In my last quarter of teaching, one young woman, who wore punky reddish-pink hair and a razor blade on a silver chain around her neck, announced that she was tired of the nonsense of alternating feminine and masculine pronouns and in her own writing always used masculine ones—“and I make it a point to say ‘mankind,’ too,” she added, “never ‘humankind.’” She also wrote wonderfully and without the least hint of victimization about her complicated family, including an alcoholic father whom she had last seen when she was eleven. Another young woman with the innocent look of a Disneyland guide showed an astonishing mastery of language and could sustain an extended metaphor over four full pages. A young man who rode a motorcycle and was a practicing rock musician wrote with terse but uproarious comedy about the zany behavior of otherwise intelligent people when they enter hardware stores. Still another young woman, with a fine smile and an ebullient laugh, handed in an essay about the treatment of migrants at the New Mexico border that was filled with lucid and persuasive political rage.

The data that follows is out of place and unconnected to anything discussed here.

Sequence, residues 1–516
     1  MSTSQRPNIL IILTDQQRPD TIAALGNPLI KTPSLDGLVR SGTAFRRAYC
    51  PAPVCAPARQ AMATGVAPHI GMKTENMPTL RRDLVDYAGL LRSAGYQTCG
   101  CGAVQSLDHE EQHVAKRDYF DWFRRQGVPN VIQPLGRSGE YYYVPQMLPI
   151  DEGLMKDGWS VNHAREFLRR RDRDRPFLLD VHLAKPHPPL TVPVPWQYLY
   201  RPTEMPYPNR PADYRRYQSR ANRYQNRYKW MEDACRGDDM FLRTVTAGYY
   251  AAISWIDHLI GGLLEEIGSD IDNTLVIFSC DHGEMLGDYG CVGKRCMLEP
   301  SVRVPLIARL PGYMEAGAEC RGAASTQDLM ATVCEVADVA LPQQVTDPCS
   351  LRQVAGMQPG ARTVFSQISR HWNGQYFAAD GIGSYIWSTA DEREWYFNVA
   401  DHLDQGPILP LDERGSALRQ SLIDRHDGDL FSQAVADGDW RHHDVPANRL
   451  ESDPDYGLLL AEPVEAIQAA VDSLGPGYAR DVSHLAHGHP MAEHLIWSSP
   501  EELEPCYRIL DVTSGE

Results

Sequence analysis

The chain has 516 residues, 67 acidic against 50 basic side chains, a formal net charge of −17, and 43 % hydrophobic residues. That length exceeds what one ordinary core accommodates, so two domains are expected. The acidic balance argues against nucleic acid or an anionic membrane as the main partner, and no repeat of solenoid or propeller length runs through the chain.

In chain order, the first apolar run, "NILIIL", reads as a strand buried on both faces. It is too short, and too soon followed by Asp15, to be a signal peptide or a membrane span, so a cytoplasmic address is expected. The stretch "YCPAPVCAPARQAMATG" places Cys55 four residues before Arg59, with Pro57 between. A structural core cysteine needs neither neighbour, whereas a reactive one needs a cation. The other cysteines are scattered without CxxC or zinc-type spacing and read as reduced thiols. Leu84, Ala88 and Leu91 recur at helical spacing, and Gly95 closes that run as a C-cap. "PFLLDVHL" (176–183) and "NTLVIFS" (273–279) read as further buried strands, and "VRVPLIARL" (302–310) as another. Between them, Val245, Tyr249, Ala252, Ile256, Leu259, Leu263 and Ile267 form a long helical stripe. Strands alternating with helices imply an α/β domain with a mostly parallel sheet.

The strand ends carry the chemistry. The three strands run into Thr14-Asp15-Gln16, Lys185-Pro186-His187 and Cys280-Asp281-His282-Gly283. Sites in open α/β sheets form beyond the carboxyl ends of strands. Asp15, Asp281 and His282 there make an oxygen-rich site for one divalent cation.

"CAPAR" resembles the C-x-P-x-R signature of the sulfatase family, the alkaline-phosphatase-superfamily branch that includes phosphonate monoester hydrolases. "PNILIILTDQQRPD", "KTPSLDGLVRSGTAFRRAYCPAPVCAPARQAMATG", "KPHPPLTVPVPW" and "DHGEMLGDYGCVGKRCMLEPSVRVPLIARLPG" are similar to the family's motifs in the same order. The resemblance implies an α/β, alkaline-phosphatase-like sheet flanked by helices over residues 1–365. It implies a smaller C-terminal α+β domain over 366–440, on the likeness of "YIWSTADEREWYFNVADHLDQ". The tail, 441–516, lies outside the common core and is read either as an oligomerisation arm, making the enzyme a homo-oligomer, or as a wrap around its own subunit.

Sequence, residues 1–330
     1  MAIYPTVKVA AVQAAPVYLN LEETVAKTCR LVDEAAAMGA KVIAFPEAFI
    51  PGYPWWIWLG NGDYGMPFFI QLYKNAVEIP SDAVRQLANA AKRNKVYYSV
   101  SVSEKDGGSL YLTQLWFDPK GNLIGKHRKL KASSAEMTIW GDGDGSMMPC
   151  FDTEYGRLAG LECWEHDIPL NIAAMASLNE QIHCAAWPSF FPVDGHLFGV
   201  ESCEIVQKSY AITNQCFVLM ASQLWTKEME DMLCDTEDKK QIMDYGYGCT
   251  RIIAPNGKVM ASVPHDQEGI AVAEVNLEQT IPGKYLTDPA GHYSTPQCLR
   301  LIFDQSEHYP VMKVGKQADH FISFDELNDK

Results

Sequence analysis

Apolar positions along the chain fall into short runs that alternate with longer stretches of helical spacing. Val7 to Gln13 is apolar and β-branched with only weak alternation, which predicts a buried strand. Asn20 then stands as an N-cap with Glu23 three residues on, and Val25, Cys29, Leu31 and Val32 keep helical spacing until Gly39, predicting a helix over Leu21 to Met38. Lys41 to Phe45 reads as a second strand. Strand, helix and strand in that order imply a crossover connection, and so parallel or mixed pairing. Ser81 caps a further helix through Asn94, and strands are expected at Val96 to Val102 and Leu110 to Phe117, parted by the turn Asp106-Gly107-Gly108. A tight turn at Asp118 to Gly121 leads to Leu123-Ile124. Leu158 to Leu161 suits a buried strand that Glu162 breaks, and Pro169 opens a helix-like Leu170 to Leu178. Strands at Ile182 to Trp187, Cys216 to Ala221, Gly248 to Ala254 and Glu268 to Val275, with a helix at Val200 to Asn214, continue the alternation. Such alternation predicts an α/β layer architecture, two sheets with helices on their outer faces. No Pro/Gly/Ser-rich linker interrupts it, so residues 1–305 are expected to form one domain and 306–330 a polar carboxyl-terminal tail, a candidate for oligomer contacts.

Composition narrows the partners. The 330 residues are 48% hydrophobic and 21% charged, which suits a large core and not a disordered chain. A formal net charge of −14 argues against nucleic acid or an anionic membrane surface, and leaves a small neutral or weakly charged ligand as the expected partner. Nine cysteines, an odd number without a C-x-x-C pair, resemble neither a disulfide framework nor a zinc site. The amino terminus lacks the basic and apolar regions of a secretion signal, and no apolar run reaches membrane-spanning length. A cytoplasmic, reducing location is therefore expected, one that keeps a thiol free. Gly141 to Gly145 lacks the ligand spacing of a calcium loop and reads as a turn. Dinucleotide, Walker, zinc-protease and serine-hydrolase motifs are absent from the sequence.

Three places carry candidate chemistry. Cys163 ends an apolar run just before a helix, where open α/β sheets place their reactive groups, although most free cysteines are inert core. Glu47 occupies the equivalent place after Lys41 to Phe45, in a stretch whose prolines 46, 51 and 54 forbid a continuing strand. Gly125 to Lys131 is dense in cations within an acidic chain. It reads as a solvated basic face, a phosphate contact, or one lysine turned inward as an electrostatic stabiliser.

These were four members of a class of twelve that, for the nine weeks it met, caused me to walk into and out of it with a dance in my step. During our time together they were lively and bright, cheerful and receptive—everything one could desire from the intelligent young.
American essayist Joseph Epstein memorializes, not only his teaching career, but also four students from his final class.
I am rereading this ten years later, and I am thinking, yes, I would also desire this in a student and person.
I was so staunchly antifeminist because nothing in the world had ever seemed very unfair to me. When did I stop being that person? Why? How? It is important to me to be that person again. I am sitting here, wracking my brain.
The other students he describes are writers Karen Russell and Whitney Purvis, and of course, motorcycle-riding writer-neuroscientist Tim Requarth.
For all it is worth, his students, too, danced in and out of class.